The Malone Mountains lie within and along the northern front of the Sierra Madre orogenic belt in Trans-Pecos Texas. Folded and faulted sedimentary rocks composing the mountains and outlying hills belong to the Permian, Jurassic, and Cretaceous systems. Cenozoic basin-fill mantles older rocks in the surrounding Hueco Bolson. Since the Malone area includes the only marine Jurassic and the oldest Cretaceous rocks known in Texas, it figures critically in correlation of Mexican Mesozoic deposits with those of southern United States.
Briggs formation, name given to Permian strata of the Malone area, consists of anhydrite and gypsum with interbedded limestone and intraformational breccia. The base of the Briggs is concealed; maximum exposed thickness is 630 feet. Leonard index fossils occur in the lower part; the upper 500 feet is unfossiliferous.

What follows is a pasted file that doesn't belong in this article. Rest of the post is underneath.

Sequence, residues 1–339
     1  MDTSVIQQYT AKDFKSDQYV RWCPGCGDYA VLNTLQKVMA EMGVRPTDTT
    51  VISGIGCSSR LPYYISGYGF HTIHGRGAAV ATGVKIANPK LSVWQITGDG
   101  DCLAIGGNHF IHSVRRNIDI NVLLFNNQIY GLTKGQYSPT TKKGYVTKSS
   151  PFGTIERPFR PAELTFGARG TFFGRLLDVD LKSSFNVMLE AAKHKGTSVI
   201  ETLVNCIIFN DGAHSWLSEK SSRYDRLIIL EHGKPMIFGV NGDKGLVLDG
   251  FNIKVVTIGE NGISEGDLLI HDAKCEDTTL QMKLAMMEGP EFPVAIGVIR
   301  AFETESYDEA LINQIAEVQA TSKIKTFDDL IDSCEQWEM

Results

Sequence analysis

The Malone formation of Upper Jurassic age rests unconformably on the Briggs. It consists of sandstone, sandy shale, limestone, and conglomerate aggregating about 1000 feet maximum thickness. Two divisions are recognized; the lower contains Idoceras and other Kimmeridgian ammonites, while the upper has species of Kossmatia characteristic of the Upper Portlandian (Tithonian). With the ammonites are pelecypods (Trigonia, Ptychomya, etc.) previously thought by some to be Cretaceous.
The Torcer formation of Lower Cretaceous (Valanginian) age includes more than 400 feet of limestone, sandstone, and shale with basal conglomeratic quartzite resting on the Malone. Younger Cretaceous strata belonging to the Las Vigas (?) and Glen Rose formations form hills south of the Malone Mountains.